The PRC is envisioning low-yield nuclear weapons that generate an electro-magnetic pulse designed to knock out the sensitive electronic equipment of US aircraft carriers, according to a declassified report:
“For use against Taiwan, China could detonate at a much lower altitude (30 to 40 kilometers) … to confine the EMP effects to Taiwan and its immediate vicinity and minimize damage to electronics on the mainland,” the report said.
The report, produced in 2005 and once labeled “secret,” stated that Chinese military writings have discussed building low-yield EMP warheads, but “it is not known whether [the Chinese] have actually done so.”
The report said that in addition to EMP weapons, “any low-yield strategic nuclear warhead (or tactical nuclear warheads) could be used with similar effects.”
“The DF-21 medium-range ballistic missile has been mentioned as a platform for the EMP attack against Taiwan,” the report said.
According to the report, China’s electronic weapons are part of what are called “trump card” or “assassin’s mace” weapons that “are based on new technology that has been developed in high secrecy.”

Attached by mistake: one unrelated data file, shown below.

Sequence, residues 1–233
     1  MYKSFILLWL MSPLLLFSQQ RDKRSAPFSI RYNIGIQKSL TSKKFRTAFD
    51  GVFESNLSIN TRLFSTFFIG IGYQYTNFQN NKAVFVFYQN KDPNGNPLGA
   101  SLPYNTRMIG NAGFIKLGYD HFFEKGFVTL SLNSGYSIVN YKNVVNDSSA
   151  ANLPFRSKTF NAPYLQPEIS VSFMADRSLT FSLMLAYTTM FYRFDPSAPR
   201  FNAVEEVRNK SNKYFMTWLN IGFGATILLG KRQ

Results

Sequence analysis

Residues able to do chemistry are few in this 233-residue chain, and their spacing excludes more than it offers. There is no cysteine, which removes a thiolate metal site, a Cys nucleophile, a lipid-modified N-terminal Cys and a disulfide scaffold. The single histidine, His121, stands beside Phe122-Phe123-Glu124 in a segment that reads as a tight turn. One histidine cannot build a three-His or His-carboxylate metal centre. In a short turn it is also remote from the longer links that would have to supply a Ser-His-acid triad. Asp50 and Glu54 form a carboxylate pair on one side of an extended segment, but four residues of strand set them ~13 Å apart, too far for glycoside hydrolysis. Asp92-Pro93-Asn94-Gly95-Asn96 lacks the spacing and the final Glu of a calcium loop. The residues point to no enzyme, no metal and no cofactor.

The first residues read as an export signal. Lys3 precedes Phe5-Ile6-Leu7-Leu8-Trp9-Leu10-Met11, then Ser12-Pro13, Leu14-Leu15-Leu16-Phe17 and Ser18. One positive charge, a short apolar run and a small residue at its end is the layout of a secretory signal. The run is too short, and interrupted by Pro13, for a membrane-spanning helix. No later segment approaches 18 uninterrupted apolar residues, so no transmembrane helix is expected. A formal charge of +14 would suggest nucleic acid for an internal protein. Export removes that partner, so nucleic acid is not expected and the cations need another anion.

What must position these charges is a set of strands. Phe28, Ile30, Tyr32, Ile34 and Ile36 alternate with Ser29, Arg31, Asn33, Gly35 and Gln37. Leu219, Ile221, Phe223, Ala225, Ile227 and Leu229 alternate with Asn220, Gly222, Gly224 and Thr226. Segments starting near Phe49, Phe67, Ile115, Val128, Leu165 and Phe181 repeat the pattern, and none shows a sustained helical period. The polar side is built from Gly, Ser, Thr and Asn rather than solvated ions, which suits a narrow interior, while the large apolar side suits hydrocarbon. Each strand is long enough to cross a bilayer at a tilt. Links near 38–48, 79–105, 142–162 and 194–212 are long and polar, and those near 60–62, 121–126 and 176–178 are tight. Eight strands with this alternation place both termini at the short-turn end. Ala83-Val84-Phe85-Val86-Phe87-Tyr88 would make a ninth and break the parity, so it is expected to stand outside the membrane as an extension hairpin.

Planning to toss around nukes in the event of a local conflict – even low-yield nukes – would be a hilariously bad idea, were it not for the fact that it lacks any trace of hilarity. The risk of miscalculation in proportionate response is significant.
Strategic weapons, as the Chinese ought to know, are designed to guarantee national survival, and the distinction between a tactical nuke and a strategic weapon is chiefly one of perspective: If yours lands on him, it’s tactical. When his reply lands on you, it’s strategic.